ICC Men's ODI World Cup 2019
History points to run-fest as Langer flags change
Australia’s coach considers his options for match against Pakistan at Taunton, a venue with a reputation for high scoring
Louis Cameron in Taunton
11 June 2019, 06:00 PM AEST
Australia could recall paceman Jason Behrendorff on Wednesday in a bid to halt another opposition batting onslaught as they prepare to face giant-killers Pakistan at a venue that’s been a bowlers' graveyard in recent years.
The reigning 50-over world champions struggled to contain India's world-class top-order on Sunday, with their failure to take early wickets proving costly as Shikhar Dhawan, Virat Kohli and co. scored at close to eight-an-over for the final 40 overs of their innings.
Unless inclement weather juices up the Taunton surface this week, Australia could be in for a similar challenge when they take on Pakistan at the venue in England’s west country that once saw Chris Gayle hit 15 sixes in a county T20 match.
Over the past two English domestic one-day seasons, Taunton has boasted the highest average scoring rate (6.74) of all 11 venues being used for this World Cup, as well as the highest average first-innings score (316).
Last week’s New Zealand-Afghanistan match was the ground’s first ODI since the 1999 World Cup in the United Kingdom.
Coach Justin Langer said the Aussies had considered bringing in Behrendorff for Nathan Coulter-Nile to play India, despite the latter having earnt player-of-the-match honours for his match-winning 92 in their previous match against West Indies.
They ultimately stuck with the incumbent at The Oval and Coulter-Nile responded to conceding 14 runs from his first over to finish with the respectable figures of 1-63 from 10 overs.
But Langer said Australia are not opposed to playing both Behrendorff, a noted wicket-taker with the new ball, and fellow left-arm quick Mitchell Starc in the same XI.
"We just felt with Coults, after his man-of-the-match performance and what he gives us as an all-round package, we went with him," Langer said.
"But I can see that (Behrendorff playing), I can definitely see that. I know that Pakistan play two left armers. It's bit like Bobby Simpson telling me in 1993 you can't have two left-handed openers … that changed over the years.
"You just pick the best guys who are best matched to the game."
Coulter-Nile, who nearly reeled in a diving one-hander at square leg to remove Rohit Sharma in the opening over of the game, impressed Langer amid the flurry of runs.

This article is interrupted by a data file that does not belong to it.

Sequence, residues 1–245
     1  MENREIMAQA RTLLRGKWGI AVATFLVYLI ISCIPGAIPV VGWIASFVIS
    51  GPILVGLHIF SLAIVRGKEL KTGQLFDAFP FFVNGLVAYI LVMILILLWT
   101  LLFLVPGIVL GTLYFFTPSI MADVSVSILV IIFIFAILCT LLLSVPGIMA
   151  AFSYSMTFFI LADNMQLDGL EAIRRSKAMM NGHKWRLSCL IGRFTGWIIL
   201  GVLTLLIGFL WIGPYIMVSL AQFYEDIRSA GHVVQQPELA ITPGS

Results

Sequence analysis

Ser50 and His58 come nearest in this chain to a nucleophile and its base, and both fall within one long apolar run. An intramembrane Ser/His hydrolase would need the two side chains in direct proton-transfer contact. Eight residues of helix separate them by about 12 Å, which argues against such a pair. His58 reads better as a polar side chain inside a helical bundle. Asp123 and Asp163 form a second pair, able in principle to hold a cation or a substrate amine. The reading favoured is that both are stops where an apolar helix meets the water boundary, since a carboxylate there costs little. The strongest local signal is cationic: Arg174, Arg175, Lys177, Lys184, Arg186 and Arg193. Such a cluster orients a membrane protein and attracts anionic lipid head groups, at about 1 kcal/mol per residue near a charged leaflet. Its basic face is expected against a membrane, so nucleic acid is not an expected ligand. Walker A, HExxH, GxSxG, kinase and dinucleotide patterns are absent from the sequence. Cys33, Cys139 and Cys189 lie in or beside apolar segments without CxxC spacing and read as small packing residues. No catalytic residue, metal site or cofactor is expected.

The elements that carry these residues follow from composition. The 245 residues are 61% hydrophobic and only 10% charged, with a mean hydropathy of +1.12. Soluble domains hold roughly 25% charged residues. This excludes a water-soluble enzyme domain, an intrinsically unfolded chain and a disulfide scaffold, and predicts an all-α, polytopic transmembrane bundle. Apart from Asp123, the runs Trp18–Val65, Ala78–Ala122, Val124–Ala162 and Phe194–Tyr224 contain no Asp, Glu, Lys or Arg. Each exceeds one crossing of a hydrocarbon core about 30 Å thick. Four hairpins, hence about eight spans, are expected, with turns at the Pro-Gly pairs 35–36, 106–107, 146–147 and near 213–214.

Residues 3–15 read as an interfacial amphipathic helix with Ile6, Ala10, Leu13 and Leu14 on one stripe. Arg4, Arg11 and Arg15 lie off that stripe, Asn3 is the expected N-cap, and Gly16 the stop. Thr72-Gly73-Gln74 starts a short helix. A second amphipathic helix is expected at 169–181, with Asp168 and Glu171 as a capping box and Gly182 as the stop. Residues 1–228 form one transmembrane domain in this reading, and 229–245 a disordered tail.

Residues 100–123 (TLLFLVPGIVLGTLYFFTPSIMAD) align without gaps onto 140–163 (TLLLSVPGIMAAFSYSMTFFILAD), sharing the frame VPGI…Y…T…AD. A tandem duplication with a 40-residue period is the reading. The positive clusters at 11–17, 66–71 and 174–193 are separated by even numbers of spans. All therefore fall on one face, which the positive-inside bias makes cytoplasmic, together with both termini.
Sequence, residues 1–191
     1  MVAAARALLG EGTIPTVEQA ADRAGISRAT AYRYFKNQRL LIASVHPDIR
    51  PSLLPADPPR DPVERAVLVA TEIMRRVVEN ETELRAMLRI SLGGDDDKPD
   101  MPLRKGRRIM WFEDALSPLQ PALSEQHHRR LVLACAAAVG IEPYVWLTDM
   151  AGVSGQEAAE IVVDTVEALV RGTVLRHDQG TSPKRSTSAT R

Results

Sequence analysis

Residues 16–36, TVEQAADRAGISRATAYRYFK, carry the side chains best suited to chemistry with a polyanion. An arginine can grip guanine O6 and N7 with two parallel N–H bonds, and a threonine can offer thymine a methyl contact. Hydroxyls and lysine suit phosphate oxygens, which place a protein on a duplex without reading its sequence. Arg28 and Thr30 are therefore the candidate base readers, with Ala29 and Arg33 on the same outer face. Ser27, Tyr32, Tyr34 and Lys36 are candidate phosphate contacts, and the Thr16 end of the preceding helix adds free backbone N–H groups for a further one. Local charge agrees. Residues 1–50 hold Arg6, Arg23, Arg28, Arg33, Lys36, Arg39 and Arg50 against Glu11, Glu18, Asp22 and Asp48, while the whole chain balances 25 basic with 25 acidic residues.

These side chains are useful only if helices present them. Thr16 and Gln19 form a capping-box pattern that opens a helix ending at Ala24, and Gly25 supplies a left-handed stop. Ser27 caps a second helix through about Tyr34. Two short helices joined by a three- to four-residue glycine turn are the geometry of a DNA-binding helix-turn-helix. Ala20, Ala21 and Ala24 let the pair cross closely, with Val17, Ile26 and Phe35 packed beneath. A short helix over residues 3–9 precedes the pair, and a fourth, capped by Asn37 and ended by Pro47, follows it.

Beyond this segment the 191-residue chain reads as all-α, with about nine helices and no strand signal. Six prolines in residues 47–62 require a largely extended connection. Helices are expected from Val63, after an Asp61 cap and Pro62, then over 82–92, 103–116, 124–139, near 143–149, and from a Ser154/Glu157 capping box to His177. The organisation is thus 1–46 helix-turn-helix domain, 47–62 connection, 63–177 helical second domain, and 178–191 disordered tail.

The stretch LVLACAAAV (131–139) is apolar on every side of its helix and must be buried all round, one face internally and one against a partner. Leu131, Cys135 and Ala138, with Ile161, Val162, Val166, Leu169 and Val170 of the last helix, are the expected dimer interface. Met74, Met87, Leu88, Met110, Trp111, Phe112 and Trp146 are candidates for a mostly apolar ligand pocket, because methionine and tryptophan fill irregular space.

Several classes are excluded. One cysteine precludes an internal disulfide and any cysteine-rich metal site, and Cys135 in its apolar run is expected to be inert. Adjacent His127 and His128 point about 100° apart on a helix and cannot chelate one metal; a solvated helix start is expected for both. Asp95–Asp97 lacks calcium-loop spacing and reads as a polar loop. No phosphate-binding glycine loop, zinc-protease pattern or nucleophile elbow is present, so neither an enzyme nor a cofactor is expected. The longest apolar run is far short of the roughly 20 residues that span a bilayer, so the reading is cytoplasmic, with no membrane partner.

"I was really impressed with Coults today," he said. "I thought his first over ... that's an area he knows he needs to improve on, whether it's nerves or getting into the rhythm early.
"He was expensive in his first over, but after that I thought he was good. He was up and about in the field. I thought he took some confidence out of his batting in the last game.
"He is a very good all-round cricketer. If he had of taken the catch against Rohit earlier, it would have been a screamer, not many blokes would have got even close. He is a good all-round package and he is playing pretty good cricket at the moment."
Australia are set to face a Pakistan side sky-high on confidence after they pulled off a major upset by smashing 348 to defeat tournament favourites England last week.
Having knocked over the two bottom-ranked teams at the tournament in Afghanistan and West Indies and then losing to heavyweights India, an unpredictable Pakistan side looms as a key test of where Australia stand.
Despite earning the nickname 'Ciderabad' for its propensity to spin in four-day games (and the region’s reputation for producing fermented apple juice), Taunton has in fact had the second lowest percentage of wickets taken by slow bowlers in domestic 50-over games over the past two years.
That could count against Nathan Lyon, who is also pushing for inclusion to partner fellow spinner Adam Zampa.
With Australia in the middle of a four-match stretch in nine days, Langer is also mindful of keeping his fast bowlers fresh, though he's hopeful the likes of Starc and Pat Cummins won't need to be rested.
"In a perfect world, you just have the best team to play every game when you possibly can," said Langer, who identified managing the schedule as his biggest challenge at this World Cup.
"I love this format but it's bloody hard. There's no easy games. We're all over the place. It (travel) is probably as hard as the cricket, honestly."
2019 World Cup
Australia's squad: Aaron Finch (c), Jason Behrendorff, Alex Carey (wk), Nathan Coulter-Nile, Pat Cummins, Usman Khawaja, Nathan Lyon, Shaun Marsh, Glenn Maxwell, Kane Richardson, Steve Smith, Mitchell Starc, Marcus Stoinis, David Warner, Adam Zampa
June 12: Australia v Pakistan, Taunton
June 15: Sri Lanka v Australia, The Oval
June 20: Australia v Bangladesh, Trent Bridge
June 25: England v Australia, Lord's
July 9: Semi-Final 1, Old Trafford
July 11: Semi-Final 2, Edgbaston
July 14: Final, Lord's
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For a full list of all World Cup fixtures, click HERE